My son is 14 months old right now and he has no clue about the worry that is going on in my brain. Instead, he is growing out of clothes left and right. During nap time, we wet himself and they had to resort to back-up clothes. When I picked him up, I discovered a cute little boy in a jumpsuit one size too small. Tonight, he was entertained by pushing a box and our laundry basket around the living with his favorite stuffed animal, his rabbit, along for the ride. His giggles made it difficult to stay sad. So glad that he was unaware that his dinner offering was lean and that his mother skipped dinner since I may need that meal later in the week.
Parts of my house and life are falling apart around me. My refrigerator moans like an old man. The tile in my bathroom is cracked from one side to the other. The furnace is old and will need replacing in the near future. My cats are very overdue for a visit to the vet. I just canceled my babysitter for tomorrow night. Tuesday night was my only night each week where I do one thing for myself - workout with a Pilates class then a dance class, but I can’t spend what little I have left on myself when this forty dollars may be my old way to buy groceries and milk for my son.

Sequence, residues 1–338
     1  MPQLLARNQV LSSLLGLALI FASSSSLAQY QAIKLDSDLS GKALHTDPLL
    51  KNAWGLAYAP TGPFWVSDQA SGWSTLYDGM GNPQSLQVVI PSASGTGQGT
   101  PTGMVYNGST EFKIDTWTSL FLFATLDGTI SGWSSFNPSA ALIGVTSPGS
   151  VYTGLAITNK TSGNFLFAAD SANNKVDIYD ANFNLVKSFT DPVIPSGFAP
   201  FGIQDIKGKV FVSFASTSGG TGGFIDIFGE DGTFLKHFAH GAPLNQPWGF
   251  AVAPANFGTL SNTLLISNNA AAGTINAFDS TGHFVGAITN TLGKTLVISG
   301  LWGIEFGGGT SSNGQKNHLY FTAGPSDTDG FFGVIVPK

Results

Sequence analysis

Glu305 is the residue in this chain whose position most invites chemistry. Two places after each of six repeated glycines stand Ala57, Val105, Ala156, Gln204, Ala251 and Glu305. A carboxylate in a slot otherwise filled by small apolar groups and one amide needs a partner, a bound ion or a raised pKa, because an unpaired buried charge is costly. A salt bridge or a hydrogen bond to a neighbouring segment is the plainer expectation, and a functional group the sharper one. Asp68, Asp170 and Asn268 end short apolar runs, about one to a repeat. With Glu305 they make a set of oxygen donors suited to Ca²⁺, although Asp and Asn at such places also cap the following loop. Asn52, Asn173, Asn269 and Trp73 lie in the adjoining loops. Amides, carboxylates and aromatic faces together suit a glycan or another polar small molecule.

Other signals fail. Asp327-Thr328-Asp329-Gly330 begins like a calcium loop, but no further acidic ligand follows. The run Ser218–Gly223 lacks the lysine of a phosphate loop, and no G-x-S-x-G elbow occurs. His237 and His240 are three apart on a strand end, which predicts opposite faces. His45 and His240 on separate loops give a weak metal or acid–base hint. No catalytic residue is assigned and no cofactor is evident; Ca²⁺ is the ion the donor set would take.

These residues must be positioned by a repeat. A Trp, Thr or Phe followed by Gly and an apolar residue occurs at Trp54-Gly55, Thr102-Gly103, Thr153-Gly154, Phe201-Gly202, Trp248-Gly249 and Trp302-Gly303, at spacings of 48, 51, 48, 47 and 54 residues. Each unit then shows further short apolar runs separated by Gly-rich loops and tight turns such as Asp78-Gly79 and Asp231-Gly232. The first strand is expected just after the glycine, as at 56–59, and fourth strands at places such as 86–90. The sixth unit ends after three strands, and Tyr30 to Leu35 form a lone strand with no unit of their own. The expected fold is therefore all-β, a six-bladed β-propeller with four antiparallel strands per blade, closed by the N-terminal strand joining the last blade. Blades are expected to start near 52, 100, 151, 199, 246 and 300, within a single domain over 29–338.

I have a Master’s degree and a good job, but let’s face it, in these trying times, everyone is one paycheck away from not paying their bills. This is happening for a reason. It’s a time for lessons as I learn to rely on others for assistance. Right now though, I am willing to wait it out a few more days to see if my return magically appears in the mail. My son eats most of his meals at day care anyway. My car gets good gas mileage and I could stand to skip a few meals with beach season just around the corner. Eventually though, I will find my breaking point. The moment I can’t feed my son or the gas gets turned off, all bets are off. Please, oh please universe don’t push us to such limits.